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Soil Sampling and Isolation of Entomopathogenic Nematodes (Steinernematidae, Heterorhabditidae)
Authors: Rousel A. Orozco, Ming-Min Lee, S. Patricia Stock.
Institutions: University of Arizona.
Entomopathogenic nematodes (a.k.a. EPN) represent a group of soil-inhabiting nematodes that parasitize a wide range of insects. These nematodes belong to two families: Steinernematidae and Heterorhabditidae. Until now, more than 70 species have been described in the Steinernematidae and there are about 20 species in the Heterorhabditidae. The nematodes have a mutualistic partnership with Enterobacteriaceae bacteria and together they act as a potent insecticidal complex that kills a wide range of insect species. Herein, we focus on the most common techniques considered for collecting EPN from soil. The second part of this presentation focuses on the insect-baiting technique, a widely used approach for the isolation of EPN from soil samples, and the modified White trap technique which is used for the recovery of these nematodes from infected insects. These methods and techniques are key steps for the successful establishment of EPN cultures in the laboratory and also form the basis for other bioassays that consider these nematodes as model organisms for research in other biological disciplines. The techniques shown in this presentation correspond to those performed and/or designed by members of S. P. Stock laboratory as well as those described by various authors.
Environmental Sciences, Issue 89, Entomology, Nematology, Steinernema, Heterorhabditis, nematodes, soil sampling, insect-bait, modified White-trap
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Comprehensive Compositional Analysis of Plant Cell Walls (Lignocellulosic biomass) Part I: Lignin
Authors: Cliff E. Foster, Tina M. Martin, Markus Pauly.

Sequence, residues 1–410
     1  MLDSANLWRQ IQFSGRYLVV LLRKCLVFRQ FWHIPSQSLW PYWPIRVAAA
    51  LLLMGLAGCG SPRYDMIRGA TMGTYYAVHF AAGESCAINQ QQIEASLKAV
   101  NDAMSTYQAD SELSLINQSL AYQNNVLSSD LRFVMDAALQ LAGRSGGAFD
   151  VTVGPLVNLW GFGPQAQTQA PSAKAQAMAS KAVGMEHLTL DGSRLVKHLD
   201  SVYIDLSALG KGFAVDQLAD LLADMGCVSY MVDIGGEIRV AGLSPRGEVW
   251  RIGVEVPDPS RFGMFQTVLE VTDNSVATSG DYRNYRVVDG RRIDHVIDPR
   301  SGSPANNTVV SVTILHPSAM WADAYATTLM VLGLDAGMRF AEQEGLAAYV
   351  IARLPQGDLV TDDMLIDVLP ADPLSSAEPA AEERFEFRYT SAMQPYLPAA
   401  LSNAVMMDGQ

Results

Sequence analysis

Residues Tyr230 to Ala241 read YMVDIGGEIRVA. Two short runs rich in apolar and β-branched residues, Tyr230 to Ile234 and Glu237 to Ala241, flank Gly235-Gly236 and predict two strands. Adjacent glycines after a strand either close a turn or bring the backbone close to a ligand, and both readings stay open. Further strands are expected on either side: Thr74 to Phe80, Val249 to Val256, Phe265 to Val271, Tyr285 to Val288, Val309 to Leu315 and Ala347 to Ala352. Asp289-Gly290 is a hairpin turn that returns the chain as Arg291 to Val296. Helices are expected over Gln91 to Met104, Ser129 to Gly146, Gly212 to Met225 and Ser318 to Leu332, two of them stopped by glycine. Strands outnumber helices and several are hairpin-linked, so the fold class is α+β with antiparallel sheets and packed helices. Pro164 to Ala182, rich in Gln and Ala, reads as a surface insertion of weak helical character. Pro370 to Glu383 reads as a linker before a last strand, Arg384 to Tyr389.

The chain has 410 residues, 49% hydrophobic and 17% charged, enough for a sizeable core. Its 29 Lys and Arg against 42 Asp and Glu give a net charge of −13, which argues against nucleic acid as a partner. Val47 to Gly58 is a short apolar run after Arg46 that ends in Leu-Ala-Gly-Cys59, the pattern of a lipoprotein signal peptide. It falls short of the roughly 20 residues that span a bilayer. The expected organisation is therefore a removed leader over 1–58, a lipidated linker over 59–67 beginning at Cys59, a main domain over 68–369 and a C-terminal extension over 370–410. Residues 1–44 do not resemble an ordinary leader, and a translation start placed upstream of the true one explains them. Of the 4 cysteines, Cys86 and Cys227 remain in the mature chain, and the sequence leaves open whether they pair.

Institutions: Michigan State University (MSU), Michigan State University (MSU).
The need for renewable, carbon neutral, and sustainable raw materials for industry and society has become one of the most pressing issues for the 21st century. This has rekindled interest in the use of plant products as industrial raw materials for the production of liquid fuels for transportation1 and other products such as biocomposite materials7. Plant biomass remains one of the greatest untapped reserves on the planet4. It is mostly comprised of cell walls that are composed of energy rich polymers including cellulose, various hemicelluloses (matrix polysaccharides, and the polyphenol lignin6 and thus sometimes termed lignocellulosics. However, plant cell walls have evolved to be recalcitrant to degradation as walls provide tensile strength to cells and the entire plants, ward off pathogens, and allow water to be transported throughout the plant; in the case of trees up to more the 100 m above ground level. Due to the various functions of walls, there is an immense structural diversity within the walls of different plant species and cell types within a single plant4. Hence, depending of what crop species, crop variety, or plant tissue is used for a biorefinery, the processing steps for depolymerization by chemical/enzymatic processes and subsequent fermentation of the various sugars to liquid biofuels need to be adjusted and optimized. This fact underpins the need for a thorough characterization of plant biomass feedstocks. Here we describe a comprehensive analytical methodology that enables the determination of the composition of lignocellulosics and is amenable to a medium to high-throughput analysis. In this first part we focus on the analysis of the polyphenol lignin (Figure 1). The method starts of with preparing destarched cell wall material. The resulting lignocellulosics are then split up to determine its lignin content by acetylbromide solubilization3, and its lignin composition in terms of its syringyl, guaiacyl- and p-hydroxyphenyl units5. The protocol for analyzing the carbohydrates in lignocellulosic biomass including cellulose content and matrix polysaccharide composition is discussed in Part II2.